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Thursday, June 21, 2012

Q & A: B-2 visa holder risks of refusal and minimizing the same; F-1 visa as alternative option

Question: My girlfriend is from Brazil and has a B-2 visa stamp. Over the last year, she has spent more than half the time visiting me in the US. The last time she left was about three months, and now she wants to return. Does she run any risk of being denied entry, and how to minimize such risks? Can she alternatively apply for an F-1 VISA to study English?

Answer:

There is always some risk of denial, as having a visa does not guarantee that CBP will grant entry.

Further, the more time a foreign national spends in the US as a visitor, the more likely it is that CBP will question her continued eligibility for this visa classification.

CBP has become increasingly aware of someone's prior exits/entries, with the help of technology.

What CBP wants to know is if she truly a visitor, OR does she intend to stay permanently, or work in the United States without authorization to support herself.

Minimizing risk of refusal involves preparing to confirm temporary intent - in the event of extensive questioning. Remember is possible she will have a very brief and easy interaction with CBP before being let in.

Preparation should involve preparing to effectively discuss the purpose of her visit and temporary intent with CBP, and having paperwork ready to provide.

CBP, considering her prior history of travel to the US, may begin a line of questioning that requires her to prove she will go back to Brazil after her visit is over, and can support herself during her stay without having to work illegally.

To confirm her temporary intent, we are talking ties to her home country. Generally, the most persuasive evidence involves demonstrating permanent residence, a steady job at home, or enrollment in school; but it sounds like she has neither the job or is enrolled in school at the moment, and I am guessing might still live with her parents?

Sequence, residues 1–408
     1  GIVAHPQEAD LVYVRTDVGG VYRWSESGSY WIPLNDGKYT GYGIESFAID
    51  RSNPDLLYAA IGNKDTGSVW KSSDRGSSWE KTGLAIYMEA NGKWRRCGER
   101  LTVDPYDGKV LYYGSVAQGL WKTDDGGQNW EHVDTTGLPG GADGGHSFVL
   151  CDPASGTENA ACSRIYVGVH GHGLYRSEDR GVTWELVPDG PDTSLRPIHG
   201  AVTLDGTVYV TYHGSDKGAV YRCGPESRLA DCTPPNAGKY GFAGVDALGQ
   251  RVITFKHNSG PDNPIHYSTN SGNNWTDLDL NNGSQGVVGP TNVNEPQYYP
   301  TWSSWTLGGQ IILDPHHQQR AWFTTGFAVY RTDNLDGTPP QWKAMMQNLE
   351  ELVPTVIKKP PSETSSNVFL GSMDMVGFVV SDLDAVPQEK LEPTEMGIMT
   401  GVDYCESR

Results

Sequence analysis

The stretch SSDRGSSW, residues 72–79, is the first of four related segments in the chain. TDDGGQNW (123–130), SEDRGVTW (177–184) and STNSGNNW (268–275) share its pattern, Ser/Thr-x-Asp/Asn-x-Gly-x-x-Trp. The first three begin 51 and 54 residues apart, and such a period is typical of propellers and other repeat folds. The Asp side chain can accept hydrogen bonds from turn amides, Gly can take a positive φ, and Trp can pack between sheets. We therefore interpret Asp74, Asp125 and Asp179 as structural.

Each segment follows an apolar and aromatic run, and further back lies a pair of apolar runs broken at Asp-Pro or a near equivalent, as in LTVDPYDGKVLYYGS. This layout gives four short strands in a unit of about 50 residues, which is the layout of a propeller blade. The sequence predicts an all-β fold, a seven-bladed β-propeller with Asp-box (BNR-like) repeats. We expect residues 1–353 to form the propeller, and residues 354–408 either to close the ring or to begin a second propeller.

Certainly, if she is financially comfortable, she should bring paperwork to confirm the same. Possibly bank statements. Other evidence might include a return ticket, itinerary documents to confirm what she will be doing in the US, where she intends to stay, etc.

Usually for young single people, it comes to down credibility, ie, whether or not the CBP believes her, and so there is really no specific formula.

A student visa might be a good alternative, because it provides her with a more concrete reason to come to the US. But note it would require another visa application at the Consulate, and the F-1 also requires her to demonstrate temporary intent.

A good way to start researching this process is to review the F-1 visa requirements posted online by the local US Embassy (see link below) AND finding an acceptable school, and then contacting them to discuss how they assist international students with getting an F-1 visa stamp.

Here is a link which might help: http://brazil.usembassy.gov/student.html

Please let me know if I may be of any further assistance.

Sincerely yours,

Michael


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